A Name is Sewn into the Flesh, translated by Georgina Collins

A name is sewn into flesh
Not shown on the forehead
A name flows
In the blood
It grows
In the poem
And lying at the heart of all words
A name heralds the meaning that dawns
And steers the poem
From within its speech
Raising its spectre
From the belly of the text
And never will it part
From the body of words
But in the crowds of sounds
In the surges of years
It appears
Its reign extends
The length of the uttering
Departing the lips
It abandoned the crown
And joins the people
In the collusion of laughter
The distance between name and blood
Thereafter
Won’t darken the door again

 

Jean-Claude Awono is a highly regarded performance poet from Sa’a in Cameroon and has presented his poetry at festivals across Africa, Europe and China. I first came upon his work last year when working in Yaounde, the capital, as part of my research into literary translation in Africa, and I fell in love with his use of language and the performative nature of his work. For a translator, this poem resonates because it explores the very structure of language and the significance and power of “a name”. However, this single word was challenging, for ‘nom’ can also be translated as ‘noun’. The reason for my choice was that name can effectively have that dual meaning, whereas ‘noun’ limits the sense to a grammatical one alone. Other such dual meanings include ‘palais’, meaning palate and palace. I distributed the two meanings elsewhere, keeping the physical relationship to speech with ‘lips’, and translating ‘cime’ instead as ‘crown’, inferring both superiority and royalty. There are two additional lines in my translation. The first was to take account of the distinct French and English sentence structures, but I also enjoyed creating these new punchy rhythmic lines that incorporated the type of repetition used in the source text and was still in keeping with Awono’s style. The second additional line towards the end was created both for rhyme and rhythm, a direct translation lost the source text poetry, and I felt this extra line brought the poem to a poetic close. Awono also uses alliteration and assonance throughout, and if I was unable to reproduce a sound in the exact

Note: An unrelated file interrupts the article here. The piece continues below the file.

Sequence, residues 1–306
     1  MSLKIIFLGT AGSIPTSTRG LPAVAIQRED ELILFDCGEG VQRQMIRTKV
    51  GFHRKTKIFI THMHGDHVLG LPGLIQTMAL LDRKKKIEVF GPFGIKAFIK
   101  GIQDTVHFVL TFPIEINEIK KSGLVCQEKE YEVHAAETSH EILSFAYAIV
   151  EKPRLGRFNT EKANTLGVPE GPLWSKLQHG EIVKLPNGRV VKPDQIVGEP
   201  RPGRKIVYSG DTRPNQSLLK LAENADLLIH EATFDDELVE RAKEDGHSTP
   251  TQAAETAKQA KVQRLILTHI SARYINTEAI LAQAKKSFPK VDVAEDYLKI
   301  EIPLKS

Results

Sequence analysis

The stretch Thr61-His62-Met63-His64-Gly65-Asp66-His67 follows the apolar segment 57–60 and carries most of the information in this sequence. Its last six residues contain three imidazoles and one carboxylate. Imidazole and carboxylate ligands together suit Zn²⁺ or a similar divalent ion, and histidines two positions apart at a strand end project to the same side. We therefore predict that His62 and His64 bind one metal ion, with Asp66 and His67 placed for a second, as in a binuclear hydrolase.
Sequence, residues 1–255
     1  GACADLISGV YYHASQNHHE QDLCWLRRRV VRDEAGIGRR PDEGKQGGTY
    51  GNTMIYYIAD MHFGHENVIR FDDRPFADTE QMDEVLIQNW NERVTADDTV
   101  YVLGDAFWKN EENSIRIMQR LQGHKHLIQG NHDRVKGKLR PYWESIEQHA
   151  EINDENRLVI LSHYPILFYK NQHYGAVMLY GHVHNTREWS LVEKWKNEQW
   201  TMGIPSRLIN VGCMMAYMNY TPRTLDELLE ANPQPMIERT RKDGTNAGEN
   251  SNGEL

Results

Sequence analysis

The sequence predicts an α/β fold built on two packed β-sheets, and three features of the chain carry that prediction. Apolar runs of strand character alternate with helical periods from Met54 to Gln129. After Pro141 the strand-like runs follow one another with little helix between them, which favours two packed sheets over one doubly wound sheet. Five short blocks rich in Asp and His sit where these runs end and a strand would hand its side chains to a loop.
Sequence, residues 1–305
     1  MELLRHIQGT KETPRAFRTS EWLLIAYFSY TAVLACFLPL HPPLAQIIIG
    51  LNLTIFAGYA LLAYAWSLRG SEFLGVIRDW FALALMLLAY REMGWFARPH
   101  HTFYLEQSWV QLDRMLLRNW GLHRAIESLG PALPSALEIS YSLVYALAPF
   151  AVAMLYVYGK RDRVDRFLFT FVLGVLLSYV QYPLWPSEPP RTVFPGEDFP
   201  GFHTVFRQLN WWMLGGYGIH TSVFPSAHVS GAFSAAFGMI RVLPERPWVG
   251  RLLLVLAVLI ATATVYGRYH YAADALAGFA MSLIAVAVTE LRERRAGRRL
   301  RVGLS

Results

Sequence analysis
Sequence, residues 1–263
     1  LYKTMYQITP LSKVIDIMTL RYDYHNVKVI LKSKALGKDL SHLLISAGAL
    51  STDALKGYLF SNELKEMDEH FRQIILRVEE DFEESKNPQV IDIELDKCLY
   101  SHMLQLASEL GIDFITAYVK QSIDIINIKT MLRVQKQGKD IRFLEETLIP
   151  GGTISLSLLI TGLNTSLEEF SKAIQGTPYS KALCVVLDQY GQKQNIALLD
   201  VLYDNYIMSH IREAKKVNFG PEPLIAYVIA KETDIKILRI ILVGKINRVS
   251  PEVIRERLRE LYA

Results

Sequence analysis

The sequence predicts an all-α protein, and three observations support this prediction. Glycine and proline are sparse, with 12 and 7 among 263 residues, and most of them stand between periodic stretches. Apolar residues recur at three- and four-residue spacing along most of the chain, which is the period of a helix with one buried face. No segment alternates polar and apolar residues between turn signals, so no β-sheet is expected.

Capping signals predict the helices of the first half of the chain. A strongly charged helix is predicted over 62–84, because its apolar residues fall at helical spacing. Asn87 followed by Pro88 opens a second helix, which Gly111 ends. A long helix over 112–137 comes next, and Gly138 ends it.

location, I would instead replicate it elsewhere. Note, for example, sceptre/sépare and speech/spectre, and front/nom (and loosely sang) alongside shown/flows/grows.

Le nom se porte dans la chair
Et non sur le front
C’est dans le sang qu’il coule
C’est dans le poème
Que grandit le nom
Et assis au cœur des mots
Il énonce le sens de l’aube
C’est de l’intérieur du parler
Que le nom gouverne le poème
Depuis le ventre du texte
Qu’il brandit son sceptre
Rien ne le sépare
Du peuple des mots
C’est dans la foule des sons
dans la houle des ans
Qu’il prend corps
Son règne se propage
Le long du dire
Le nom a quitté le palais
Il a abandonné la cime
Et rejoint le peuple
Dans la complicité du rire
Entre le sang et le nom
La distance a foutu le camp

 

Original poem by Jean-Claude Awono. Reproduced by kind permission of the poet.